The Unit 2 turbine at the U.S. Army Corps of Engineers’ 2,620-MW Chief Joseph project was damaged when a wicket gate broke free of its linkage. The gate collided with the Francis runner and an adjacent gate, resulting in a partial cascading type failure that damaged the runner and three other gate linkages. The gate that broke free could not be rotated due to a bent gate stem and housing.
The Corps investigated several methods to replace the wicket gate and decided to jack up the headcover and install the new gate through the scroll case. This method allowed the replacement to begin with minimal delay and resulted in an installation that was structurally equivalent to the original design. The unit has operated successfully since the wicket gate was replaced.
Understanding the problem
The Chief Joseph powerhouse, on the Columbia River in central Washington, contains 27 main generating units. Unit 2, with a capacity of 88 MW, was one of the initial 16 units that began operating between 1955 and 1958.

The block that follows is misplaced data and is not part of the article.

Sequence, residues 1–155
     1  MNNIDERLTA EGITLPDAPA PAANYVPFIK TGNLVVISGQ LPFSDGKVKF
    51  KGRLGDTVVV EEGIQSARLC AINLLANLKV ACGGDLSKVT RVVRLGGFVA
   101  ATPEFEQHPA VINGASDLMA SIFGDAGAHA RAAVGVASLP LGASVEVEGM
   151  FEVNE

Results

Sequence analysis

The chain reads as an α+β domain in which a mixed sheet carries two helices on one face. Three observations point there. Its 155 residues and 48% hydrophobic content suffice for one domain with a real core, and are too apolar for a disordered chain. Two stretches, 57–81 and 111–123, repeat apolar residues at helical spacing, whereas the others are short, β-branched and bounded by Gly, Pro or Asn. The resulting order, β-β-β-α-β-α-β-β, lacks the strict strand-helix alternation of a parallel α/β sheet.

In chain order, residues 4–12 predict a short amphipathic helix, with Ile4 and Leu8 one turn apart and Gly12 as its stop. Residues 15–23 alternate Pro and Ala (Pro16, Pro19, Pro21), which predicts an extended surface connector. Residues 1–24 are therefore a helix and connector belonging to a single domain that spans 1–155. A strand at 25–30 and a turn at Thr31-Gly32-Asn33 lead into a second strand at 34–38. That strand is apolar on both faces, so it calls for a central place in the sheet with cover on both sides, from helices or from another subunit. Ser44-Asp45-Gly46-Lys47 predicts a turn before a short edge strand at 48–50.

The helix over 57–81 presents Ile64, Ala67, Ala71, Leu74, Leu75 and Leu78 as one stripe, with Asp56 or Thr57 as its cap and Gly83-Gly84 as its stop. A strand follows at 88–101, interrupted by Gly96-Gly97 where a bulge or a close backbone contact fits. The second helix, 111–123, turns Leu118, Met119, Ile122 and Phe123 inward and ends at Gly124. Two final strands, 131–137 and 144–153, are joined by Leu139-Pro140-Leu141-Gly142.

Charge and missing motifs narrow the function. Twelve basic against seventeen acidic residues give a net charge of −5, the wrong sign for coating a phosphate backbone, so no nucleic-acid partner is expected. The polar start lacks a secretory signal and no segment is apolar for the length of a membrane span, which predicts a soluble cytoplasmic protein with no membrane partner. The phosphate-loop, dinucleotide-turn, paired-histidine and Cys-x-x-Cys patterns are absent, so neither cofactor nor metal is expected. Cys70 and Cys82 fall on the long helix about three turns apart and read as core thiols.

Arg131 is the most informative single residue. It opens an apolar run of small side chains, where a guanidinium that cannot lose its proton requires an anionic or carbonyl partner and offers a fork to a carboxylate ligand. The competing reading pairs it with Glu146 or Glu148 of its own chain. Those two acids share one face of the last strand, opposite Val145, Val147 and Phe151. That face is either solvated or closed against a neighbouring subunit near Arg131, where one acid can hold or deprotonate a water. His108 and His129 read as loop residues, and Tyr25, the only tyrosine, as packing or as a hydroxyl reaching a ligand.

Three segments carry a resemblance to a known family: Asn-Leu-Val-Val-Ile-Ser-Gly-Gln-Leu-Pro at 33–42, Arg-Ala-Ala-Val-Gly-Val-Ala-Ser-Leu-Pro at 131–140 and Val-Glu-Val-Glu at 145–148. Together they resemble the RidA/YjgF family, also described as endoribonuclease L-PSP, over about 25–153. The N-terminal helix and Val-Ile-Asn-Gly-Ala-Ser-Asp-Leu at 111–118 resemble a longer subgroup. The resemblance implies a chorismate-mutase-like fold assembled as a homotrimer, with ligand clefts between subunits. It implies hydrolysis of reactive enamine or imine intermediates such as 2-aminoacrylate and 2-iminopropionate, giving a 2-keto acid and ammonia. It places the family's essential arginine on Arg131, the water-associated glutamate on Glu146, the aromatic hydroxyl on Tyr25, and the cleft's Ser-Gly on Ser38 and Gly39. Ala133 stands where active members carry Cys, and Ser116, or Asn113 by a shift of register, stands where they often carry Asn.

On February 18, 2008, the overspeed relay tripped Unit 2 offline. Despite the shutdown command, the operator on duty noted that the unit was rotating at about 70 rpm. Visual inspection of the turbine pit showed the gate arm/shear lever assembly of Gate 17 disconnected from its gate linkage and that the gate arm had rotated through its mechanical stop, impacting the turbine pit wall. The rotation of the unit was a result of water flowing through the out-of-position wicket gate. Operations personnel lowered the service gate to stop the flow of water.
|The gate arm and shear lever assembly of wicket gate 17 on Unit 2 at 2,620-MW Chief Joseph disconnected from its gate linkage, and the gate arm rotated through its mechanical stop and impacted the turbine pit wall.|